The Greens of Pinehurst No. 2 Decided the U.S. Open Won By Bryson and Lost By Rory

While the 2024 U.S. Open will be remembered for the main characters, Farrell Evans writes that the stage itself had the starring role.
Pinehurst's greens like the 5th here with Rory McIlroy on Sunday, had the final say in who would be the U.S. Open champion.
Pinehurst's greens like the 5th here with Rory McIlroy on Sunday, had the final say in who would be the U.S. Open champion. / Jim Dedmon-USA TODAY Sports

Before the start of the 2014 U.S. Open at Pinehurst No. 2, Ben Crenshaw told me something about greens after his restoration of the Donald Ross gem with Bill Coore. "Greens should receive greater attention than any other aspect of the design because they are the final act,” he said. “Greens should dictate the play back to the tee box. That's what makes it a strategic effort."

Sunday evening, as the leaders played their final round of the 124th U.S. Open at Pinehurst No. 2, I was brought back to Gentle Ben’s eloquent words about the final act. For me it conjured images of Shakespeare’s Globe Theater in London, with Bryson DeChambeau and Rory McIlroy dueling for one of the most coveted prizes in golf, except this final act was staged on turtleback greens that some players have called unfair and sadistic. 

At the beginning of the week—before he was handcuffed by the green complexes on his way to rounds of 74 and 73 to miss the cut by two shots—Tiger Woods had foreshadowed his fate in his 23rd U.S. Open. 

“When Donald Ross did this golf course and made the greens this severe, I don't think he intended it to be running at 13 on the stimpmeter,” Woods said last Tuesday. “They were the speed of fairways. That's one of the differences when we go to most golf courses, is they're very severe, and we're playing under faster conditions. It's more of a test. It's going to be a great test and a great war of attrition this week.”

No matter where you hit your driver—DeChambeau hit only five fairways on Sunday—players had to contend with the green complexes. How receptive would these grainy Ultradwarf Bermuda greens be to approach shots coming in from angles near runoffs that carried balls down slopes as if they were in a fast-moving stream? Accustomed to mostly using their 60-degree wedge around the green, the best players in the world were confounded with choices from trying soft high buttery wedge shots off tight lies to using a 6- or 7-iron for a bump and run to putting. For four days, players trying to use putters off the greens saw their balls get to the crest of the green before losing energy and tumbling back to their feet.

McIlroy will have nightmares about the two missed par putts inside of 4 feet over his last three holes on Sunday, but he also won’t soon forget the bad break he had on the easily reachable par-5 5th hole, which ranked as the easiest hole all four rounds of the championship. The 35-year-old four-time major champion hit his approach into the green and for an instance it looked like he would have a 20-foot eagle putt, but then the ball went straight left and fell off the green down the hill into a sandy waste area from where he would make a bogey. As golfers we want to be rewarded for good shots, but that wasn’t always the case around Pinehurst No. 2’s greens—a reality that will long weigh on McIlroy’s spirits.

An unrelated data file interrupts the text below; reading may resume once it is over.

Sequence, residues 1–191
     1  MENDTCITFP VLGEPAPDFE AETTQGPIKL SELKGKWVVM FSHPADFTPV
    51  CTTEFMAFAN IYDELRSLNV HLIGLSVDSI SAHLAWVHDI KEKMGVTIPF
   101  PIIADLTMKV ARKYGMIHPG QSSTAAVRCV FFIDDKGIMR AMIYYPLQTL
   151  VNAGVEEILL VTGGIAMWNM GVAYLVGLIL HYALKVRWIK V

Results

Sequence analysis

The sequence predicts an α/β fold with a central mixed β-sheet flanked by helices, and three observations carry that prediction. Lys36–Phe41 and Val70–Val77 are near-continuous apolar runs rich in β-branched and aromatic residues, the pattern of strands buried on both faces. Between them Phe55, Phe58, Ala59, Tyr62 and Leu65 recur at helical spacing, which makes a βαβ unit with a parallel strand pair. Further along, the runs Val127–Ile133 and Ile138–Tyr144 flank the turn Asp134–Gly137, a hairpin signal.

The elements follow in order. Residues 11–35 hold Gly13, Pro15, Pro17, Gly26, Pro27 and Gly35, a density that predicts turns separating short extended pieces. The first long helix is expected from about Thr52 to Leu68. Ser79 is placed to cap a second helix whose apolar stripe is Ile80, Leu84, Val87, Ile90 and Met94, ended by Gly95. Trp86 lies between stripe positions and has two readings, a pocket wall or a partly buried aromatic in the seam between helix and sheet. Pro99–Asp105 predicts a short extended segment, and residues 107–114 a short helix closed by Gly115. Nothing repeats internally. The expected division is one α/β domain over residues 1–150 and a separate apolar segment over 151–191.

McIlroy bolted on Sunday without talking to the media, but his interview after Saturday’s third round offers some clues about his state of mind for most of Sunday afternoon before his collapse in the late evening when ending his 10-year winless streak in the majors was in his grasp.

“I think I'm embracing the questions that the golf course asks of you,” he said. “I think there's holes where you have to be aggressive. There's holes where you have to be conservative. There's hole locations that you can take on and hit wedges close to. There's hole locations you've got to stay away from.”

No one mastered the green complexes at Pinehurst No. 2, but DeChambeau played them well when it mattered the most. Even as a wildly left-brained mechanical mad scientist with an entourage the size of a prizefighter, the 30-year-old LIV Golf member had to concede that these green complexes took more imagination and creativity than he could control with his machinelike approach to the game. 

“In certain situations where I have no control over what's going to happen, you got to just figure out how to will it and get it done,” he said on Sunday night. “That creativity gets sparked. When the greens are not perfectly flat, they're not glass, there's some little bumps and whatnot, being imaginative, seeing how the ball is going to curve over the edge, really getting into it in your mind is what I focus on. So there is a bit of creativity in me, even though I try to be mechanical.”

For most of his final round, DeChambeau didn’t let the greens dictate what he would hit off the tee. He drove the ball wildly and as far as he could. But when he got to the final act on the 72nd hole on Sunday evening, he made a little 3-footer after a masterful 55-yard bunker shot to seal the deal for his second U.S. Open. The 2024 U.S. Open may long be remembered for McIlroy’s collapse at the end and for DeChambeau’s resurgence to the top of major championship golf, but those green complexes were scene-stealers on many occasions during the week by standing up to the best players in the world.


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Farrell Evans

FARRELL EVANS

Evans has been a golf writer at Sports Illustrated and ESPN.com. He is the co-founder of two organizations in New York City that use the game of golf to serve underserved youth. He can be reached at: farrellevansgolf@gmail.com